But the question of work aside, one has a right to live and reflect and feel a little. When I was teaching I did. I learned more or less all the time. But now I have the feeling of standing still except for a certain kind of facility in getting the sort of material Mr. McClure wants. It’s stiff mental exercise, but it is about as much food to live by as elaborate mental arithmetic would be.—Of course there are interesting people and interesting things in the day’s work, but it’s all like going round the world in a railway train and never getting off to see anything closer. I have not a reportorial mind—I can’t get things in fleeting glimpses and I can’t get any pleasure out of them. And the excitement of it doesn’t stimulate me, it only wears me out.
Now the kind of life that makes one feel empty and shallow and superficial, that makes one dread to read and dread to think, can’t be good for one, can it? It can’t be the kind of life one was meant to live. I do think that kind of excitement does to my brain exactly what I have seen alcohol do to men’s. It seems to spread one’s very brain cells apart so that they don’t touch. Everything leaks out as the power does in a broken circuit.Willa Cather working at McClure’s Magazine
So whether or not the chief is right about my never doing much writing, I think one’s immortal soul is to be considered a little. He thrives on this perpetual debauch, but five years more of itwill make me a fat, sour, ill-tempered lady—and fussy, worst of all! And assertive; all people who do feats on the flying trapeze and never think are as cocky as terriers after rats, you know.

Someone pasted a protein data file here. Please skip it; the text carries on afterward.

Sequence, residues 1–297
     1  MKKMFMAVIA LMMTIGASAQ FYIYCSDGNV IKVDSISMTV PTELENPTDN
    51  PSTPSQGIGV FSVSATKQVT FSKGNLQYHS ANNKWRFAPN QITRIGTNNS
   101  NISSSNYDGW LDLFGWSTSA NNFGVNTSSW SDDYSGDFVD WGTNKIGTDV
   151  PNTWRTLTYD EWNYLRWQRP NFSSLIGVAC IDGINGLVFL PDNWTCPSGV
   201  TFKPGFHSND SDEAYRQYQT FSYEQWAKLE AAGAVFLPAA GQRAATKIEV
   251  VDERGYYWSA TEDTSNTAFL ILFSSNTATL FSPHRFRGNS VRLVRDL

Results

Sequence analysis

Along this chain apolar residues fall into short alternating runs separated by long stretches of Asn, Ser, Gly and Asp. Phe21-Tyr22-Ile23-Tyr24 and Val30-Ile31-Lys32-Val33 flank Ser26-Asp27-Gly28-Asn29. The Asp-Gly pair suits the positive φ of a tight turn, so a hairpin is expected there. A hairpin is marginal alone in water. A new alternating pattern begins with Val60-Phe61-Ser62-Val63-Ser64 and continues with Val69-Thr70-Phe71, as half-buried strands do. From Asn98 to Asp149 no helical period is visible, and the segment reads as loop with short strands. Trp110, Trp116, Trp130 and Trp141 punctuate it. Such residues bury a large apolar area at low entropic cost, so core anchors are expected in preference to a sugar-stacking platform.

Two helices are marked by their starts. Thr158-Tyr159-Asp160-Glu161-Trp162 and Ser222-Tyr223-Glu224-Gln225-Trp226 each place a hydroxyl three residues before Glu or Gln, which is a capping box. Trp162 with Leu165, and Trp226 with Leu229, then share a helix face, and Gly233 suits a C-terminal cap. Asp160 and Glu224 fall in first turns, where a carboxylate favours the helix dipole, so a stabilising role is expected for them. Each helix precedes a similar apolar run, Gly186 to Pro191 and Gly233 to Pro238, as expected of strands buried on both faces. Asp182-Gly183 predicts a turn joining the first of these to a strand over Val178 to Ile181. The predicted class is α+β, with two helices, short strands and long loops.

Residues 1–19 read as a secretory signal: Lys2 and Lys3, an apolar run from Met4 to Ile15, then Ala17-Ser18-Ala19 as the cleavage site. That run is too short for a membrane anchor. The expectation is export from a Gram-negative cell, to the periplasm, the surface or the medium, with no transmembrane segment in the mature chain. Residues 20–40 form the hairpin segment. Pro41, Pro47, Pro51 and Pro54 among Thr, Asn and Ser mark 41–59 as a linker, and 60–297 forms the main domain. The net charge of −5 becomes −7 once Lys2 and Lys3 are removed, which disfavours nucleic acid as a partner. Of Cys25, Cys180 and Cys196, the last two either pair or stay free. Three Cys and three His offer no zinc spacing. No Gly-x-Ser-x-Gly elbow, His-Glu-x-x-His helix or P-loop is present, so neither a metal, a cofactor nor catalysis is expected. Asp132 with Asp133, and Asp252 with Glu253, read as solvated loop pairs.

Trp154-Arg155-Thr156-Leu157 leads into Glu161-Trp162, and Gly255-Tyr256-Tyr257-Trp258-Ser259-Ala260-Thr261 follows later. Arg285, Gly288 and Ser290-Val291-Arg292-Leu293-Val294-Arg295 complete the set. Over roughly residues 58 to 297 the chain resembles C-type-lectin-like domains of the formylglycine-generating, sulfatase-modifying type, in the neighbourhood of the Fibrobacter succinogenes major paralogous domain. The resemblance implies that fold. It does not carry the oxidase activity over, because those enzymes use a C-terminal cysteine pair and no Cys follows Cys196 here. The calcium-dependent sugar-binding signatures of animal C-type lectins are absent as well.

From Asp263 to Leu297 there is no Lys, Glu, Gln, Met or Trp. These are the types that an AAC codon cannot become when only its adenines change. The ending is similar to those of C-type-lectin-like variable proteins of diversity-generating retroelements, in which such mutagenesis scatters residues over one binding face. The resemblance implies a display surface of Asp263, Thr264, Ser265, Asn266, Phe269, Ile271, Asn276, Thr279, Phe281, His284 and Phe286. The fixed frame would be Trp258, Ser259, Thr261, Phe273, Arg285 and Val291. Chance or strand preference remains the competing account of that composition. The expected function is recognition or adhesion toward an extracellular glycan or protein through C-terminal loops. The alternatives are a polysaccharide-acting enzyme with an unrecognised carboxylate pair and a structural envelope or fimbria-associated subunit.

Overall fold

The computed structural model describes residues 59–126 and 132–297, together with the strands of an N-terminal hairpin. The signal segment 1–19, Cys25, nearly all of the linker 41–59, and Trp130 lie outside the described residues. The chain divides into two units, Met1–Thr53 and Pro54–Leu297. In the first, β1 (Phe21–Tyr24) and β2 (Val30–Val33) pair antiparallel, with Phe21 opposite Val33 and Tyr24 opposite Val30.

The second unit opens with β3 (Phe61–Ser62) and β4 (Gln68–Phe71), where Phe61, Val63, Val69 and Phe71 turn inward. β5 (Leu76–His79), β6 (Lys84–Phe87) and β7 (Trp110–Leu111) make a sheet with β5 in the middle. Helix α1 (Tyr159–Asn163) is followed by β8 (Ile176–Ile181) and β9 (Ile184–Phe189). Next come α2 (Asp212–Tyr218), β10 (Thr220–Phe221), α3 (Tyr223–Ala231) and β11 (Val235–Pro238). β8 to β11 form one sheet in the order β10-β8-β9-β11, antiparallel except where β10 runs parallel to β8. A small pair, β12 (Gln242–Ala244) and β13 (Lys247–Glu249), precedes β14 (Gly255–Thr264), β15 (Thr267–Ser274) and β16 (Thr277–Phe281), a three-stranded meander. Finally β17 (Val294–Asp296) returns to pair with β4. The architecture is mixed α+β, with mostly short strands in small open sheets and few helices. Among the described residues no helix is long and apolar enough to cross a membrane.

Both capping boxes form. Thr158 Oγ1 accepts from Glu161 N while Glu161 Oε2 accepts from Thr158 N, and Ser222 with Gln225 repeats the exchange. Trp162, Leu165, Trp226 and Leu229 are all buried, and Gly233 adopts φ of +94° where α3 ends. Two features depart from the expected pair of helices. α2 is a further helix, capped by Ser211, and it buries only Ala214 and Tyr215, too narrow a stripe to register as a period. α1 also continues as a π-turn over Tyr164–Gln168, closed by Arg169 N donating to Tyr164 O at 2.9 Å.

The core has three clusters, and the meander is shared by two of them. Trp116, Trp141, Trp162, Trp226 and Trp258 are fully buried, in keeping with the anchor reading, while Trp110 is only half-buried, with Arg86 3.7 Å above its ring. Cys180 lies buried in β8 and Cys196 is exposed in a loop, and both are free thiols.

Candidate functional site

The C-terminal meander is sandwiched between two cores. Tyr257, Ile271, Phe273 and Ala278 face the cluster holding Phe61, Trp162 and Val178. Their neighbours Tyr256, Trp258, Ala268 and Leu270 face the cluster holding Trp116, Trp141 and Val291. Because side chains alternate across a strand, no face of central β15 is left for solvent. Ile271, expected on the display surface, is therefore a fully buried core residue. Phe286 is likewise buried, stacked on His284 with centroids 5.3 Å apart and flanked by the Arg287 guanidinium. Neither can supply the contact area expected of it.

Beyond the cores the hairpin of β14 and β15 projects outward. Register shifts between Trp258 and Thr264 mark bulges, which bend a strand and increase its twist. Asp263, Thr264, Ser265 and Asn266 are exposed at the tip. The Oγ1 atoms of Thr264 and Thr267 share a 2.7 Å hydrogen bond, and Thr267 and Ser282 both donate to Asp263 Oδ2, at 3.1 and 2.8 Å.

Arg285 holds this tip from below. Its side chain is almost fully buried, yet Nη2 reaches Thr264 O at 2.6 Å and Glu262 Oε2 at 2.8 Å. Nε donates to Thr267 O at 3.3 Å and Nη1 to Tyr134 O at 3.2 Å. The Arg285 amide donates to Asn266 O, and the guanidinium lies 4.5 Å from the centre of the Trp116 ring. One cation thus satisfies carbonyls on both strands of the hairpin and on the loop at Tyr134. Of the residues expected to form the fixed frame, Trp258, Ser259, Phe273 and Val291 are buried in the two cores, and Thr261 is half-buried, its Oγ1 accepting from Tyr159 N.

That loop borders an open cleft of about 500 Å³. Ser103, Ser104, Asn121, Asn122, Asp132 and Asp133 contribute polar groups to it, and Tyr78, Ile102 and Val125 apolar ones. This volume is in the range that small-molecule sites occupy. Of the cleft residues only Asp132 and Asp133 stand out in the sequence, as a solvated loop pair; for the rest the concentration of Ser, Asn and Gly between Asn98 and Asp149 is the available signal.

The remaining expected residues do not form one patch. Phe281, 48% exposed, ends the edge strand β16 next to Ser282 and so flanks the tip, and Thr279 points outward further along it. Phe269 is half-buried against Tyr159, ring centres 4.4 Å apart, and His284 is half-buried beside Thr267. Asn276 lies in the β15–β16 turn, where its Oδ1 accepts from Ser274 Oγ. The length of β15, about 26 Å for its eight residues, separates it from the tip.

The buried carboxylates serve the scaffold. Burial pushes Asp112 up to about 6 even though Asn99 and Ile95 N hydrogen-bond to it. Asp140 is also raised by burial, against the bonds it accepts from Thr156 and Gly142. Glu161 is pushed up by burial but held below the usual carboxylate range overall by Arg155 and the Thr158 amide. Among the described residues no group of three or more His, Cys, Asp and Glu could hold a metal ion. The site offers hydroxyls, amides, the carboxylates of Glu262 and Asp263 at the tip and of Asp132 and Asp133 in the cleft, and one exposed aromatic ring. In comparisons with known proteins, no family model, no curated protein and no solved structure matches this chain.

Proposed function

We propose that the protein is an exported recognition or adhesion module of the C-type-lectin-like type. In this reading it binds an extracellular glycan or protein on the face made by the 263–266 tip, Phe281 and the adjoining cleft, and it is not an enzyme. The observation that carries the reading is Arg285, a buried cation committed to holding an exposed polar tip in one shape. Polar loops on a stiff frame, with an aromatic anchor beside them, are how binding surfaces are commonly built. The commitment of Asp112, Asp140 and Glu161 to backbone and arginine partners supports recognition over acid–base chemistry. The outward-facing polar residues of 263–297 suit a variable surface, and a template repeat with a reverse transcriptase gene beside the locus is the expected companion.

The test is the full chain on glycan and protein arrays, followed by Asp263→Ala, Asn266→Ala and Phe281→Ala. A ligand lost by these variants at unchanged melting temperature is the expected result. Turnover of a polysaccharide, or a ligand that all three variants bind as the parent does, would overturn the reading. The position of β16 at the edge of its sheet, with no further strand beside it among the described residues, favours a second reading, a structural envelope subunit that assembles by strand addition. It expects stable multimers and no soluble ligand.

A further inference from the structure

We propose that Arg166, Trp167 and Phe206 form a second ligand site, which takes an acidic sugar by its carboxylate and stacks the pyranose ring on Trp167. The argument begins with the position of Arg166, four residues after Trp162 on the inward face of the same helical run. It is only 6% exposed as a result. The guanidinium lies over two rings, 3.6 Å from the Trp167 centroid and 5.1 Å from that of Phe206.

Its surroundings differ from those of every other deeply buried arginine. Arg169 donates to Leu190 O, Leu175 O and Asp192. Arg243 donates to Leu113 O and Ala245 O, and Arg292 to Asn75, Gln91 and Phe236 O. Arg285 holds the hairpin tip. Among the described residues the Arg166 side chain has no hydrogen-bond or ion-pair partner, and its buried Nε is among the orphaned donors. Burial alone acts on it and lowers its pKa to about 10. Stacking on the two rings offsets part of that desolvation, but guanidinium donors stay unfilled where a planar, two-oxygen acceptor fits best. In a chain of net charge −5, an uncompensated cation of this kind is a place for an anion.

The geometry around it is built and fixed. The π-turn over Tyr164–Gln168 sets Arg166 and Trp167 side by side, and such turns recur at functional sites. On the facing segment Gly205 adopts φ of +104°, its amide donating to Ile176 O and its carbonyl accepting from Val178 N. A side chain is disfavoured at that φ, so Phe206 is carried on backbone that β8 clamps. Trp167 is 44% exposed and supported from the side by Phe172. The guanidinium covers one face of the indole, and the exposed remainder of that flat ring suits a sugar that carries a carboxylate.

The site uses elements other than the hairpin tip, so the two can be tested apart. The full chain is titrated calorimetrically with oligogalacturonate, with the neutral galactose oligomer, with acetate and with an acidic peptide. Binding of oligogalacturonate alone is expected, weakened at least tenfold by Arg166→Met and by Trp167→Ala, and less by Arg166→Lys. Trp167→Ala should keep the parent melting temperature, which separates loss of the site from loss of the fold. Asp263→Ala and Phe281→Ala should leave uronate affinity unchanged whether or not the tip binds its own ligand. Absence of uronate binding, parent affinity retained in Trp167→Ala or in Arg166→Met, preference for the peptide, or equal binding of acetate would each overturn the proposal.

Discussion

I have to lend a hand at home now and then, and a good salary is a good thing. Still, if I stopped working next summer I would have money enough to live very simply for three or four years. That would give me time to pull myself together. I doubt whether I would ever write very much—though that is hard to tell about for sure; since I was fifteen I have not had a patch of leisure six months long. When I was on a newspaper I had one month vacation a year, and when I was teaching I had two. Still, I don’t think that my pen would ever travel very fast, even along smooth roads. But I would write a little—“and save the soul besides [from Robert Browning’s The Ring and the Book].” It’s so foolish to live (which is always trouble enough) and not to save your soul. It’s so foolish to lose your real pleasures for the supposed pleasures of the chase—or of the stock exchange. You remember poor [Oliver] Goldsmith [from “The Deserted Village”]
“And as an hare whom horns and hounds pursue,Sarah Orne Jewett
Pants for the place from which at first she flew”
It is really like that. I do feel like such an rabbit most of the time. I dont mean that I get panic-stricken. I believe I am still called “executive” at the office. But inside I feel like that. Isn’t there a new disease, beloved by psychologists, called “split personality”?
Of all these things and many others I long to talk to you. In lieu of so doing I have been reading again this evening [Jewett’s story] “Martha’s Lady. ” I do think it is almost the saddest and loveliest of stories. It humbles and desolates me every time I read it—and somehow makes me willing to begin all over and try to be good; like a whipping used to do when I was little. Perhaps after Christmas I can slip up to Boston for a day. Until then a world of love to you and all the well wishes of this season, an hundred fold warmer and more heartfelt than they are wont to be. I shall think of you and of Mrs. Fields often on Christmas Day.
[written in the top margin of the last page:] As I pick up the sheets of this letter I am horrified—but I claim indulgence because I have left wide margins.